By far the best parts of the film exist in the Bob watching the kids segment. A beautifully observant glimpse at the usual challenges of raising kids, all stroppy teenagers and energetic quizzical 10 year olds. Most challenging of all is baby Jack Jack, whom now has a bevy of awakening powers much to the surprise of Bob. Bird has huge fun with Jack Jack’s budding uncontrollable powers, lacing in scenes of witty slapstick, especially in a hilarious encounter with a raccoon that killed the crowd I saw this with. This segment is also a chance to hone in on what made the first so damn good, taking everyday family trials and coupling them with superpowers to be both relatable and wittingly wacky.
Alongside this is the more generic experiences of Elastigirl and her crime fighting public relations battle. Although a roadblock emanates in the form of the mysterious Screenslaver, a hypnotist villain whose ultimate reveal is both obvious and flat. The motivations feel a little underwritten with none of the warped hero worship that made Syndrome stand out first time around. Despite the huge action, and the introduction of some fun new heroes Bird cannot quite combine this portion of the film with Bob’s stay at home challenges. The finale is fun and gives children Dash and Violet a chance to shine, yet you sort of feel a little deflated that this is what it has all built to. In some respects both Incredibles films work better as a two parter, with a nice throughline running between the two of them and a solid payoff. Yet the first feels tighter and more focused.
The 2hr runtime is also a little generous. Straining in places to keep the dramatic momentum, with the consistent dialogue heavy scenes likely to cause little ones to squirm a bit. A few characters are also shortchanged, notably Dash who gets little to do besides a plot point about math, and Sam Jackson’s Frozone barely registering above a few cool action beats. Yet despite all this Incredibles 2 is still huge fun. Possibly Pixar’s funniest film so far, with several slapstick set-pieces mining the funny bone for all its worth. It looks terrific too, the retro 50s styling amped to the max and managing to be both simplistic in character design but lovingly characterful. Giacchino’s playful brass heavy score certainly helps cement that old school vibe.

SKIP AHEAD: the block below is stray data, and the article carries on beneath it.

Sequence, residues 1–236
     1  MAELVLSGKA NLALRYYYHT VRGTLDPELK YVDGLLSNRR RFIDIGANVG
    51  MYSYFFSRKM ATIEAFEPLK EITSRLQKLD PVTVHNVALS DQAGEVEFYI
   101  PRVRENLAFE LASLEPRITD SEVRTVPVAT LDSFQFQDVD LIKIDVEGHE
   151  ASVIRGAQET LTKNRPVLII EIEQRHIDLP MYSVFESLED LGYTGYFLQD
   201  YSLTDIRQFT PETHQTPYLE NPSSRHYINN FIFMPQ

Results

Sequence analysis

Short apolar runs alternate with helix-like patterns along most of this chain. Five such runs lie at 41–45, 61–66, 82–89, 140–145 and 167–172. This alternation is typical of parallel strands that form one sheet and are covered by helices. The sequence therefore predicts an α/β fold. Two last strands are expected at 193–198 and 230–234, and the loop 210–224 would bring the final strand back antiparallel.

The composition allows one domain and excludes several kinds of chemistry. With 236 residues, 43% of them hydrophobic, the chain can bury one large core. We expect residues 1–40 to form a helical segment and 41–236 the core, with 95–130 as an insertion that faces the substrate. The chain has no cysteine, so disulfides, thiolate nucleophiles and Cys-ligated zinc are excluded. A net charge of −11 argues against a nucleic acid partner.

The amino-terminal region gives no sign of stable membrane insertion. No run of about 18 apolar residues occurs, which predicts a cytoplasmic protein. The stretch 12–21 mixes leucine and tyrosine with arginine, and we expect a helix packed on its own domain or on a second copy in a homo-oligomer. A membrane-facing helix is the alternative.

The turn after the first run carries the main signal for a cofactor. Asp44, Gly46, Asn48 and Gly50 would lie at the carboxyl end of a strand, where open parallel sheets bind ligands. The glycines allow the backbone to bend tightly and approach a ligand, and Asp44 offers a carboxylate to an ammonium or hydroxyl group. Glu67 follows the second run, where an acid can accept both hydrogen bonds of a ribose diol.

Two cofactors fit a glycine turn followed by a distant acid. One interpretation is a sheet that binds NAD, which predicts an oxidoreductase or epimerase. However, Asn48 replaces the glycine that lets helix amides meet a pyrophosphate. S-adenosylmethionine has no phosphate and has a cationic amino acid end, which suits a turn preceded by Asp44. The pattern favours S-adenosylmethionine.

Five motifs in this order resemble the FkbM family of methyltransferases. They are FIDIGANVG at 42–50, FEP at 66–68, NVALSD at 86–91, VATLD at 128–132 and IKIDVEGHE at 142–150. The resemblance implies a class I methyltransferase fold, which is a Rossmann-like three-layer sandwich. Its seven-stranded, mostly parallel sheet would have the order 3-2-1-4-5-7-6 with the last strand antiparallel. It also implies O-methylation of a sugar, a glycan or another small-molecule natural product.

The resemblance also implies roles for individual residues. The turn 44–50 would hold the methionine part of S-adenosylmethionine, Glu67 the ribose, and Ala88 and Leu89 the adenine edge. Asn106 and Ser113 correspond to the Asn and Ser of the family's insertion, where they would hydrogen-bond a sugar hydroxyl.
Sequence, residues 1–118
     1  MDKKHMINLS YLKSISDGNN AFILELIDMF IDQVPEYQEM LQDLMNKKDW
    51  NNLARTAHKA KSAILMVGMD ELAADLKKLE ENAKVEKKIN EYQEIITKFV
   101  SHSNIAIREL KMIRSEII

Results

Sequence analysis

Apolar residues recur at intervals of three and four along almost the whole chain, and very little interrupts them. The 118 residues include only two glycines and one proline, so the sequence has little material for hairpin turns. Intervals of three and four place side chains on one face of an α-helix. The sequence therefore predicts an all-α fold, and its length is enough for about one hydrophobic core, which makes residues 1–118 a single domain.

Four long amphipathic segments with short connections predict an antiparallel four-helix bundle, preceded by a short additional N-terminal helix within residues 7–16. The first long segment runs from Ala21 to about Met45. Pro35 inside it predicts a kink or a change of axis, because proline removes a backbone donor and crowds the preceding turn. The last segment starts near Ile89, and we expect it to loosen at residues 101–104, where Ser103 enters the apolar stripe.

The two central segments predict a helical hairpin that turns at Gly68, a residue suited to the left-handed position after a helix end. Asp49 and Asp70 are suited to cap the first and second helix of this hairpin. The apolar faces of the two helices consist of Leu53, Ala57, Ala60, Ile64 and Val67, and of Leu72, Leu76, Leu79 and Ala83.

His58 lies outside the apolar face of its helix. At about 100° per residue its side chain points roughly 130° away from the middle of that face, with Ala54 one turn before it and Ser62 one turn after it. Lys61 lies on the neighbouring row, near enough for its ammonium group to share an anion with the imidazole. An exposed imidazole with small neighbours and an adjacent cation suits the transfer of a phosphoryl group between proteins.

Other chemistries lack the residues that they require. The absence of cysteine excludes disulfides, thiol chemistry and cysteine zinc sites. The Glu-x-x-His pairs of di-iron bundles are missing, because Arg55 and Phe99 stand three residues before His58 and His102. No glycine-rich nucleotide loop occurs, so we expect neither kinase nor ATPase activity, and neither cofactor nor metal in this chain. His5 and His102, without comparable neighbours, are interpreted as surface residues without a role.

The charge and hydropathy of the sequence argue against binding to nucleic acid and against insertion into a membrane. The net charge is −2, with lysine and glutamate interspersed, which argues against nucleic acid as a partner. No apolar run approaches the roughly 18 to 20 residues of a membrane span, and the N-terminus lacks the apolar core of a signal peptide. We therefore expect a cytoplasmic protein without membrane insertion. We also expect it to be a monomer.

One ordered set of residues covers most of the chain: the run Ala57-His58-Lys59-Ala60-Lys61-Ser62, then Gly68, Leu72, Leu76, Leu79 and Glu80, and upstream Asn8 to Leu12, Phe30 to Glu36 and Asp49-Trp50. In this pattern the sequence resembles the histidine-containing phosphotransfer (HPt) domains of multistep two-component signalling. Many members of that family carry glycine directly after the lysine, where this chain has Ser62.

Sadly though, despite being a lot of fun, Incredibles 2 never truly takes off. It is Pixar so of course it straddles the line between adult and child entertainment with skill, and looks amazing. Yet there is an air of forgettable to it, feeling more of the same rather than an evolution. Familiarity is good when the familiar is this damn entertaining but after 14 years I hoped for just a little bit more..well..incredible.
Verdict: Incredibles 2 is a whip smart funny crowd-pleaser full of inventive action and unique retro styling but lacks the deeper themes and originality that made the first one sing.